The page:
Nicole Monks lit up Tamarama Beach at this year’s Sculpture by the Sea

Nicole Monks lighting gawura guruwin Whale Shark Ceremony at Tamarama Beach 2018. Photo by Jessica Wyld.

Nicole Monks lighting gawura guruwin Whale Shark Ceremony at Tamarama Beach 2018. Photo by Jessica Wyld.

Nicole Monks was a recent recipient of a Create NSW Aboriginal Artist Support (Quick Response) grant, which supported the artwork gawura guruwin (whale shark) – a collaboration with Uncle Charles Madden, Teresa Gay, Kristine Townsend and First Nation community members (Nhurra) – that was selected for Sculpture by the Sea this year. The sculpture was inspired by a rock engraving found near Mackenzies Point, Tamarama. Nicole spoke with Create NSW about celebrating the mysteries of the whale shark.

How does it feel to have your work selected to be part of this year’s Sculpture by the Sea?

It was a real honour to be selected for such a prestigious international sculpture exhibition. However, the most important element about being included was the opportunity to create community on a large scale. It was really special to bring First Nations mob together to create an artwork that brought people from all over Sydney and NSW to share an elemental connection to country right here on Tamarama Beach.

As a recipient of the Aboriginal Artist Support Quick Response fund, do you have tips for other artists who may be thinking of applying?

It’s not easy money, it’s hard work, so set aside a lot of time. Especially for the budget. Ask for help from those that have been successful in the past, and ask the Create NSW team questions, they are there to help.

Can you tell us about your work, gawura guruwin (whale shark), and what inspired you to create it?

Uncle Charles Madden (Gadigal Elder) and gawura guruwin collaborator – has always been a huge inspiration to me. The Sculpture by the Sea exhibition area includes a magnificent whale shark engraving on the headland, as confirmed by Elder Allen Madden (Gadigal Elder). This was extremely interesting to me as the whale shark is from Yamatji, near my mob’s country in Western Australia. A whale shark beached itself on Bare Island, La Perouse in the 60’s and then in 2011, there was another sighting of a whale shark in the same area.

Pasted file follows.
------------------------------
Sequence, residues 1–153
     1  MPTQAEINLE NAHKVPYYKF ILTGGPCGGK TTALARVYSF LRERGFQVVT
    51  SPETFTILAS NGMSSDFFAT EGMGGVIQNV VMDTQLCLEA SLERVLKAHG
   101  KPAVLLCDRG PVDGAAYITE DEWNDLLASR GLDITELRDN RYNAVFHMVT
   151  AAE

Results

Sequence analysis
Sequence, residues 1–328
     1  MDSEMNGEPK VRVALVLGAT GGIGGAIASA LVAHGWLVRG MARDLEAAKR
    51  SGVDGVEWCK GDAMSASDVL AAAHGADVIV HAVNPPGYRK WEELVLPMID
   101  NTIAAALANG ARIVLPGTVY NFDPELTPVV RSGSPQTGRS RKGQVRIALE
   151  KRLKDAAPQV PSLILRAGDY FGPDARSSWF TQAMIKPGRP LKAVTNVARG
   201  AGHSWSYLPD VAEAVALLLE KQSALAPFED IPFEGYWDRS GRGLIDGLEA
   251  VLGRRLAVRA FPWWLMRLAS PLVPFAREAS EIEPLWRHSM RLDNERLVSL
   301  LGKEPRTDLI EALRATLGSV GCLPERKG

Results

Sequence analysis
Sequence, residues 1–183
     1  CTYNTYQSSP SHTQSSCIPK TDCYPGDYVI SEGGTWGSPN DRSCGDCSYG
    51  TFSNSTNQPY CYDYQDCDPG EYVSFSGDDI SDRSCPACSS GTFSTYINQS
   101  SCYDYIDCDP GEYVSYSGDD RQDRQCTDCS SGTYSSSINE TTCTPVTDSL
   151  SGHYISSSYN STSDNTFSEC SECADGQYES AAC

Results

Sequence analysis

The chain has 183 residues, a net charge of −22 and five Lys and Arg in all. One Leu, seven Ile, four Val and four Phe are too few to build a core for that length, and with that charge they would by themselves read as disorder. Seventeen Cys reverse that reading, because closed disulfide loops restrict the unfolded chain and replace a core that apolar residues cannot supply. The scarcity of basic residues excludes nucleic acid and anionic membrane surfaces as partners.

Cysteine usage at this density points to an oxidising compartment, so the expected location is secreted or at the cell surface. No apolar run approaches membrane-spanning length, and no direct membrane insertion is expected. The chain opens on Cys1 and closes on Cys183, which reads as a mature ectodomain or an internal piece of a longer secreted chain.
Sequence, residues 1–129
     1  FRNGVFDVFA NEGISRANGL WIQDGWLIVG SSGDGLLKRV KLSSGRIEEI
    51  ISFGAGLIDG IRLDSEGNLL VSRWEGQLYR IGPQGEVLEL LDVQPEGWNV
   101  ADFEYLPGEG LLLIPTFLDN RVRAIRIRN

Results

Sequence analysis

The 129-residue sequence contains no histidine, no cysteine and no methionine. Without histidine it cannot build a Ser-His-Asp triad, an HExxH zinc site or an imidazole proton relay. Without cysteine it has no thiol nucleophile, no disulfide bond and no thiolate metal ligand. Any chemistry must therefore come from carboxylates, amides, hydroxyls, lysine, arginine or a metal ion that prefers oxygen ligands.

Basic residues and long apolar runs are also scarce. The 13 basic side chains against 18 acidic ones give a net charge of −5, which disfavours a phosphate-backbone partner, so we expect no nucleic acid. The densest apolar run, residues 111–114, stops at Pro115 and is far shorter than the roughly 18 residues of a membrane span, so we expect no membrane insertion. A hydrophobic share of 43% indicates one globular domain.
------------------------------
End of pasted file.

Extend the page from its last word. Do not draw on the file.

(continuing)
We then connected with the broader story of these magnificent creatures which brought up more questions. How old is the rock art? How long have these whale sharks been coming here? Did they come here to tell us something?

We collected the living memories of the whale shark, from scientists, to the divers and even the first hand account of the whale shark beaching itself on Bare Island. This can be listened to while sitting in the centre of the artwork on the beach during Sculpture by the Sea.

Can you tell us about how your collaboration with Uncle Charles Madden, Teresa Gay, Kristine Townsend, Charlotte Hilder and First Nation community members (Nhurra) came about?

The artwork began privately by giving our respects silently to those who had sat out on the headland and looked over these waters, connected with the whale shark and engraved the headland.

Uncle Charles Madden redrew the original rock art. It was important to have a respected Elder to recreate this image. Teresa Gay shared her stories of growing up and of the La Perouse Bonfire and firecracker night, which became the catalyst for the fire element of the work. Kristine Townsend is a true bush woman, and she collected all the native timbers from Wiradjuri country, her mob’s country. Charlotte Hilder managed the project that brought the community together on Tamarama beach.

We also sought permission from the La Perouse Local Aboriginal Land Council to have a small private First Nations fire adjacent to the original rock art.

Is there anything else you want to share with us about the artwork?

This work has taken months in the preparation. From collecting of timbers, days to build on site in inclement weather and just hours to burn. I would like to thank all the people who came together to make this a reality, in particular Sculpture by the Sea, 107 Presents, Clitheroe Foundation, The City of Sydney, Create NSW, Finsbury Green, Solid Ground, The Tudor Hotel, East Coast Wildflowers, Jamie Gray, Ashes to Ashes, Uncle Max, Adam, Adam, Matt, Phil, John, Crowie, Matty, Ilford locals and the Stargazers and most importantly the Community.

Find out more about Nicole Monk’s gawura guruwin (whale shark) Sculpture by the Sea artwork here.

Published: 7 November 2018